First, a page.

Same-sex marriage: Pa. judge orders clerk to stop issuing licenses to couples

More than 100 couples wed in Pennsylvania after receiving licenses from a county clerk who declared, after the Supreme Court DOMA ruling, that the state ban on same-sex marriage was unconstitutional. Only a court can make that ruling, the judge said.

By , Staff writer

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    Ellen Toplin, right, and Charlene Kurland show their new marriage license at a Montgomery County office that was issued despite a state law banning such unions, in Norristown, Pa., in July. Commonwealth Court Judge Dan Pellegrini Thursday ordered Montgomery County Register of Wills D. Bruce Hanes to stop issuing marriage licenses to same-sex couples. It was not immediately clear what the decision would mean to those who have already received a license.
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Marriage licenses will no longer be given out to same-sex couples in Pennsylvania, a state judge has ruled, putting into limbo the legal status of more than 100 couples who married recently despite a long-standing ban on same-sex marriage in the state.

Pennsylvania Commonwealth Court Judge Dan Pellegrini ordered Montgomery County Register of Wills D. Bruce Hanes on Thursday to stop issuing the licenses, which 174 couples received since July 31.

Judge Pellegrini ruled that Mr. Hanes did not have the power to violate the state law defining marriage as between a man and a woman, which has been in place since 1996. Pennsylvania is one of 37 states that ban, or do not recognize same-sex marriage.

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“A clerk of courts has not been given the discretion to decide ... whether the statute he or she is charged to enforce is a good idea or bad one, constitutional or not. Only the courts have the power to make that decision," Pellegrini wrote.

In June the US Supreme Court ruled that the federal Defense of Marriage Act (DOMA) was unconstitutional, saying Congress cannot treat same-sex couples differently than it does opposite-sex couples.

The ruling primarily applied to same-sex couples living in states where gay marriage is legal in allowing them all the federal benefits of traditional couples.

But the language of the majority opinion gave new momentum to legal challenges to state restrictions on same sex marriages, including in Pennsylvania.

In July, Mr. Hanes said that the state law on same-sex marriage was unconstitutional and therefore he had no obligation to enforce it. Following the Thursday ruling, Hanes said he will comply and no longer issue licenses to same-sex couples but is considering an appeal to the state Supreme Court.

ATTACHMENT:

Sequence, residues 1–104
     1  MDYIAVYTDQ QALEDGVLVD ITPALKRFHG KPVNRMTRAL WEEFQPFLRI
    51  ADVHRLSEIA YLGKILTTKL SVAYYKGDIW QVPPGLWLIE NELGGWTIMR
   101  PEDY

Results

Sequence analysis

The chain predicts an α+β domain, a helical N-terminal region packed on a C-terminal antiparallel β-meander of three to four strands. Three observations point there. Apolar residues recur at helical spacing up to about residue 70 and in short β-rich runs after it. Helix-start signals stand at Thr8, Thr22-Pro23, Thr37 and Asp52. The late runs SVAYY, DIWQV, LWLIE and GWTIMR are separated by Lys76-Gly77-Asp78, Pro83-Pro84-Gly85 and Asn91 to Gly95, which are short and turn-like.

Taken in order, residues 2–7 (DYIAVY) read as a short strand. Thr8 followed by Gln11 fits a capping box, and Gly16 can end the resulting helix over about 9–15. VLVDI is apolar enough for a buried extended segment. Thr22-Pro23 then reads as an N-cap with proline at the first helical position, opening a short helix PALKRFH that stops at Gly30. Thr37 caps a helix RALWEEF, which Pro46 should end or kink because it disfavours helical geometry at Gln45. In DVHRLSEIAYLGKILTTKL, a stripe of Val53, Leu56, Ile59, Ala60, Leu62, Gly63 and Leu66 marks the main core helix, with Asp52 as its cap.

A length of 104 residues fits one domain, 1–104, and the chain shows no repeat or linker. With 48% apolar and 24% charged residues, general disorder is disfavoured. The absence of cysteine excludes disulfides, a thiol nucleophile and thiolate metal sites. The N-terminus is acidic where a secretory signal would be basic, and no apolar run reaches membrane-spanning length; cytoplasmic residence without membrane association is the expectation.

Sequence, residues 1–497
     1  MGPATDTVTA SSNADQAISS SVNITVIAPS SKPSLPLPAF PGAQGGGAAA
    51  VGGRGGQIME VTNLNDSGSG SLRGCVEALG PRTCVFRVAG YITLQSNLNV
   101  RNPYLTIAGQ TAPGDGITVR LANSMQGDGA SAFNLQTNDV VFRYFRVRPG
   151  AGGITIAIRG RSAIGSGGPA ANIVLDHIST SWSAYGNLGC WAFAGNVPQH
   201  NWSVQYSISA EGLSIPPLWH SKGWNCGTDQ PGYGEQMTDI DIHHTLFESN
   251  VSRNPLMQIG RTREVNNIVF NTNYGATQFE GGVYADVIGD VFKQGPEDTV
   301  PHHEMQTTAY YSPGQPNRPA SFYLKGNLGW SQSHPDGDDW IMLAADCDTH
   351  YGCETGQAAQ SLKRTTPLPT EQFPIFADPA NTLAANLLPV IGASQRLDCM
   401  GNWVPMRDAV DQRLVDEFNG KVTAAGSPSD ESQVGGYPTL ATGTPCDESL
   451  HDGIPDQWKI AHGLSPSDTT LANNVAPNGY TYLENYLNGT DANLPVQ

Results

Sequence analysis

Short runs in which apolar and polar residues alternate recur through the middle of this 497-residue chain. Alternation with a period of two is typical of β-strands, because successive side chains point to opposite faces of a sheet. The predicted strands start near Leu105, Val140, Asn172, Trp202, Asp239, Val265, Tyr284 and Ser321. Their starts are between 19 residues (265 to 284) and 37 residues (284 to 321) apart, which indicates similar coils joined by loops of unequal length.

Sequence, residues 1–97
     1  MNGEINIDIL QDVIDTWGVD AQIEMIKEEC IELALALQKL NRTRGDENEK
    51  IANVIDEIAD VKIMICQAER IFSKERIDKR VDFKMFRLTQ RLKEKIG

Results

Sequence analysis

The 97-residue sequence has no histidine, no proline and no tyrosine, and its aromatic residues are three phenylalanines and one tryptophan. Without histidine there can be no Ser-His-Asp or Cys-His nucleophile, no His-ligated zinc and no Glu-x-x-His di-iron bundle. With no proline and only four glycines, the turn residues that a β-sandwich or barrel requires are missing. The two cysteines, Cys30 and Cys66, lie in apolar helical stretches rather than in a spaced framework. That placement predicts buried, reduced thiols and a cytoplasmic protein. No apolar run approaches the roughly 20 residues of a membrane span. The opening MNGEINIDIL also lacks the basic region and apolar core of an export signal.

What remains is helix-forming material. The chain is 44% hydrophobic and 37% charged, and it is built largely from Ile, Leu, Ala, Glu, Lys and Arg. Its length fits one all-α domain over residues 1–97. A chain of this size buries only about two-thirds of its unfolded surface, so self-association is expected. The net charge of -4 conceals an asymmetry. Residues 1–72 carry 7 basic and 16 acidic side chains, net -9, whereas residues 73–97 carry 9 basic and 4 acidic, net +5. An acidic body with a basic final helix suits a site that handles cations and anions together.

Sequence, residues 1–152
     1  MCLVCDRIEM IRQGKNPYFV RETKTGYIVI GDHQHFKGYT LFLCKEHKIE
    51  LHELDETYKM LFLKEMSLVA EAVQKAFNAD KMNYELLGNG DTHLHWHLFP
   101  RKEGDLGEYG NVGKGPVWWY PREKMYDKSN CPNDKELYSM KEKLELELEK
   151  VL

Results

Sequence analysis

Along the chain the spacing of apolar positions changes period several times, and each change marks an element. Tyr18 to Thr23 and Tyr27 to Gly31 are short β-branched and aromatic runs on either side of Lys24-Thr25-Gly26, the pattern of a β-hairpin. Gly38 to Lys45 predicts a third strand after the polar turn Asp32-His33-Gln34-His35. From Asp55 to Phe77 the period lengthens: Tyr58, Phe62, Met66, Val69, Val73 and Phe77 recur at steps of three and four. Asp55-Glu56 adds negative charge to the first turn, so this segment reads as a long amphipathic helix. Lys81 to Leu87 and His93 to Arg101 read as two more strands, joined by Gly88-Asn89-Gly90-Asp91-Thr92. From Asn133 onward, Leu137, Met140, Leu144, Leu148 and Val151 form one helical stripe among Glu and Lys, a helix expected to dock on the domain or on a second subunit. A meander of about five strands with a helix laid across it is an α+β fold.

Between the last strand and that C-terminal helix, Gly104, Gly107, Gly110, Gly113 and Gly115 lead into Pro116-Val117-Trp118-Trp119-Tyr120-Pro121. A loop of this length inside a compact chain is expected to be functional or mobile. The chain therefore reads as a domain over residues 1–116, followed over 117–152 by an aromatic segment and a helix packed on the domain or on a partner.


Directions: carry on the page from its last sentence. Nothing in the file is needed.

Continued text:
The Pennsylvania Health Department, operating under Gov. Tom Corbett (R) took Hanes to court to stop his actions. General counsel for the Corbett administration, James Schultz, praised the Thursday ruling.

“The key question in this case has been whether any local official, anywhere in Pennsylvania, has the ability to decide which laws to uphold and which laws to reject based on their own personal legal opinion,” Mr. Schultz said in a statement.

However, advocates for same-sex marriage are interpreting the ruling differently. They argue that Pellegrini merely made a ruling based on procedure, and not on the constitutional status of same-sex marriage. He also failed to declare the marital status of the 118 license holders who wed since late July.

“It said nothing about couples already married, which is at least a victory for those couples and for marriage equality in Pennsylvania,” said State Sen. Daylin Leach (D), a supporter of Hanes’ actions.

John Dinan, a professor of politics and international affairs at Wake Forest University in Winston-Salem, N.C., says that it is “not clear” whether the couples who wed after receiving their licenses are indeed legally married in the state.

“On the face of things, that statute precludes the marriages that were celebrated (recently), but from a legal standpoint, one would have to bring a suit to secure a judgment, but it’s not certain who would bring that,” Professor Dinan says.

There are already lawsuits underway in both state and federal court challenging the Pennsylvania ban. Last week, a lesbian couple filed a lawsuit in state court and the American Civil Liberties Union (ACLU) filed a similar suit in federal court in July. Both cases are pending.

Expected to bolster both cases is the announcement in July by the state Attorney General Kathleen Kane that she will not defend the state in the ACLU challenge because she believed the ban is “wholly unconstitutional.”

Pennsylvania is one of a handful of states targeted by Freedom to Marry, a gay-rights group based in Washington that is spending more than $6 million to push same-sex marriage by 2016.

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